|System: PS3, X360, PC, Wii, PS2, DS||Review Rating Legend|
|Dev: Ubisoft||1.0 - 1.9 = Avoid||4.0 - 4.4 = Great|
|Pub: Ubisoft||2.0 - 2.4 = Poor||4.5 - 4.9 = Must Buy|
|Release: Nov. 16, 2008||2.5 - 2.9 = Average||5.0 = The Best|
|Players: 1 (16 Online)||3.0 - 3.4 = Fair|
|ESRB Rating: Teen||3.5 - 3.9 = Good|
Shaun White does deliver a variety of events ranging from half pipe competitions to freestyle excursions with each one having the bonus of being multiplayer compatible. Once you hit an event icon, you have the option of inviting anyone on your friends list to join you. However, there's no general matchmaking option; if you want to hit the slopes with some random people, you're out of luck.
There is diversity from a number standpoint ten event types are available from the get-go yet most of them revolve around racking up the most points within a set time limit. In Freestyle, you go from mountaintop to bottom, trying to get the highest score; in Collect, you grab as many items as you can before time runs out (again, trying to get the highest score); and in Air Time, you try to get the most air you can, while keeping on an eye on the clock. It's all about high scores and rewarding you with cash to buy more stuff to accessorize your character.
Most of these events can be characterized by their sense of loneliness. If you don't have friends to join you online, chances are you'll be doing them solo, with a high score being your only motivation. Actual downhill races against bots are hard to find. Aside from Death Race a mode where you can take on A.I. controlled boarders most modes either have you going solo or competing against computer times and scores. It seems odd that a board game would be so light on actual boarder-to-boarder races, especially since the brief ones you do get to compete in are genuinely fun. Also, many of the modes have you going down a track with borders that are sometimes hard to pick out. Often, you may find yourself off the track and not have a way to get back on, so you have to wait from the counter to tick down and restart the event.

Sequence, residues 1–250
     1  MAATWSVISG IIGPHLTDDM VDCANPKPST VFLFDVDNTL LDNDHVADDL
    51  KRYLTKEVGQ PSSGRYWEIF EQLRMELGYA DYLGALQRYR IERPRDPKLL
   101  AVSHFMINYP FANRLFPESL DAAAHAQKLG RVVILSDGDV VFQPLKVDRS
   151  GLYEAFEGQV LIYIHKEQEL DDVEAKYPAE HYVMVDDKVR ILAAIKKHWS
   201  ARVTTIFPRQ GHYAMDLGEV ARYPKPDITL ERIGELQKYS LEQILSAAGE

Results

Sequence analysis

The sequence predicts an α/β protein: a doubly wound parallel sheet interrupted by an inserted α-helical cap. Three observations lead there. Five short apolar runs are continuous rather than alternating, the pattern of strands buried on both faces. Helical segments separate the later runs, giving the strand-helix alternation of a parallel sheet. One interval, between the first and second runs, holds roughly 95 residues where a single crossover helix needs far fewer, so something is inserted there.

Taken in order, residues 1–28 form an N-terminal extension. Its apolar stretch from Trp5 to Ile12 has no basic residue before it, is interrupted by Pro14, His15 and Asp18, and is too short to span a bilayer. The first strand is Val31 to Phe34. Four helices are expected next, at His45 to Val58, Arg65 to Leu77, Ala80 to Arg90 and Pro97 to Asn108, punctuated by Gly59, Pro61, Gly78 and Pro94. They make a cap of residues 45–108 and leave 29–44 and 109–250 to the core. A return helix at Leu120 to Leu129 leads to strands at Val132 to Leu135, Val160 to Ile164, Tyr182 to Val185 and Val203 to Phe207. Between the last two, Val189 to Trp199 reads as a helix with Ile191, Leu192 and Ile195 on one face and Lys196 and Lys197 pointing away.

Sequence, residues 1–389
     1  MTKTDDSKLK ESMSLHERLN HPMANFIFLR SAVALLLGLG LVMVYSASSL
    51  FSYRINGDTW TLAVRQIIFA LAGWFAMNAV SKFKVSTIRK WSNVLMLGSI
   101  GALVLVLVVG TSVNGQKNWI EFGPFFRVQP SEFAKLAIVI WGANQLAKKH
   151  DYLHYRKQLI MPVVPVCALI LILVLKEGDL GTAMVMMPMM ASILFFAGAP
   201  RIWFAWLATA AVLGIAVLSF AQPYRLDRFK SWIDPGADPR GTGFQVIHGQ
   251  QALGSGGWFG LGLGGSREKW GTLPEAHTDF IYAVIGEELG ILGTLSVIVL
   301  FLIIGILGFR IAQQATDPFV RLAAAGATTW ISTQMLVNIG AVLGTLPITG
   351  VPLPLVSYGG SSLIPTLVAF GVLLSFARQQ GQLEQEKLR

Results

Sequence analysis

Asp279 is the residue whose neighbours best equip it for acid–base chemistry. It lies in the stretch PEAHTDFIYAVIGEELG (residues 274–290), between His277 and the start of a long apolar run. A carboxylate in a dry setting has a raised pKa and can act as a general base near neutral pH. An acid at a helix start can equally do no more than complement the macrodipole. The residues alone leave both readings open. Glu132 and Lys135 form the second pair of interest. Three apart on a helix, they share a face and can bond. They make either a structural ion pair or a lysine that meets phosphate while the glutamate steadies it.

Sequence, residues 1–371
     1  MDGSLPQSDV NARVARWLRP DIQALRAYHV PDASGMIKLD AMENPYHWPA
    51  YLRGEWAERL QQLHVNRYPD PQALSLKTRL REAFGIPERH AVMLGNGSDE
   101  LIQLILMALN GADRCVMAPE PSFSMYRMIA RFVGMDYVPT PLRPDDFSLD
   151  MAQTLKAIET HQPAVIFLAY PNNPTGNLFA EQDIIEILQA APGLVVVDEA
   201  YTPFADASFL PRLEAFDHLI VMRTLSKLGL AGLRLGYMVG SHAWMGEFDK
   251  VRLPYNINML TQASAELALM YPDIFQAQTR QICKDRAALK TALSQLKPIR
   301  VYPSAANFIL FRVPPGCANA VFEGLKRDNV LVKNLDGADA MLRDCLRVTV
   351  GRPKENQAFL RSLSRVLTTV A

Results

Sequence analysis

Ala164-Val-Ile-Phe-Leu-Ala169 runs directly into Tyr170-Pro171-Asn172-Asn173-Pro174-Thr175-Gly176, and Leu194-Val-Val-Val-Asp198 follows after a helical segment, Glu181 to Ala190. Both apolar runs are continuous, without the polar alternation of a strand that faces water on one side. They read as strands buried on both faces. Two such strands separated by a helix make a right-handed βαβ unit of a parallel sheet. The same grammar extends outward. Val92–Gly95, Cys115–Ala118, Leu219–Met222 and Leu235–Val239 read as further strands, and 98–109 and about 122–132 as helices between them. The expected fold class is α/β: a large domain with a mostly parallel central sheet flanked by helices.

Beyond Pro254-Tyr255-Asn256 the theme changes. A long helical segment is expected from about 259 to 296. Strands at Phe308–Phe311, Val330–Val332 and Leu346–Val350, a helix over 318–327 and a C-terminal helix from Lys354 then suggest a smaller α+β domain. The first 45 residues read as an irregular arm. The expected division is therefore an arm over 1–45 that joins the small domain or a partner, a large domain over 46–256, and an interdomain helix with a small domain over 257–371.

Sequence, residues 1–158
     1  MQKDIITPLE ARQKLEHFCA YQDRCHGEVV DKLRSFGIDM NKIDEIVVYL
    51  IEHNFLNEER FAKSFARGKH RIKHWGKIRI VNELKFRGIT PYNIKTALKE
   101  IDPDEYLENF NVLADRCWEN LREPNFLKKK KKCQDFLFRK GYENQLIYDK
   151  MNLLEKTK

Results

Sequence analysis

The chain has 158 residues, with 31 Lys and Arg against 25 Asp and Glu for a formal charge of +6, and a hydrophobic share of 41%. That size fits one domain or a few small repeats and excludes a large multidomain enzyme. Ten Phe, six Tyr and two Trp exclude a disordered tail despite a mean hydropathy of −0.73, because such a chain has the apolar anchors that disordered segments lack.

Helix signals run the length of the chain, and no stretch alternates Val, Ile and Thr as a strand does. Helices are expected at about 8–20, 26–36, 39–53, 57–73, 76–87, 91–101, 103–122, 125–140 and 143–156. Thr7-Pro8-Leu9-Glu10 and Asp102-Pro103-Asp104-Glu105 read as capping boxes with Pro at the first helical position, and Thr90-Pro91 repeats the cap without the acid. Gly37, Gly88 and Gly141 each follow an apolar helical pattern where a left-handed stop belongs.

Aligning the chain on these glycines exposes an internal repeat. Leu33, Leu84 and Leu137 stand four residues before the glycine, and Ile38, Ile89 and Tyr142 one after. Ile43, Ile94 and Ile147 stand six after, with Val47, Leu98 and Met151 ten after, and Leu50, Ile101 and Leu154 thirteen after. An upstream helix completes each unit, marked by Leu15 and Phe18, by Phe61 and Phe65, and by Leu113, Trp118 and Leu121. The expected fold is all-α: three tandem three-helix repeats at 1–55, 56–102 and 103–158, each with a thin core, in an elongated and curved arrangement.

What saves Shaun White from being a total fiasco is its presentation and boarding fundamentals. Creative touches like a load screen that functions as a half-pipe practice area and a mountain that contains an icy bobsled run show that some great ideas are present. Thanks to the Assassin's Creed engine, mountains not only look impressive, exhibiting nice detail and an impressive draw distance, but they are truly epic to board down. Not only does it take several minutes to get from the top to the bottom, but the way your boarder reacts to different surfaces for instance, ice gives you a speed boost, whereas powder slows you down, offering less restricted control give the game a simulation-like aspect that feels appropriate.
Here were are, eight years since the original SSX, and Shaun White Snowboarding has trouble trumping a PS2 launch title. It's not a matter of the exhibitive aspects of Shaun White it has no problem dealing out a decent presentation it's the execution. Nearly every potential plus is a minus: the open world is artificial; the supposedly intuitive control scheme is actually counterintuitive; and the event types range from lackluster to merely okay.
CCC Freelance Writer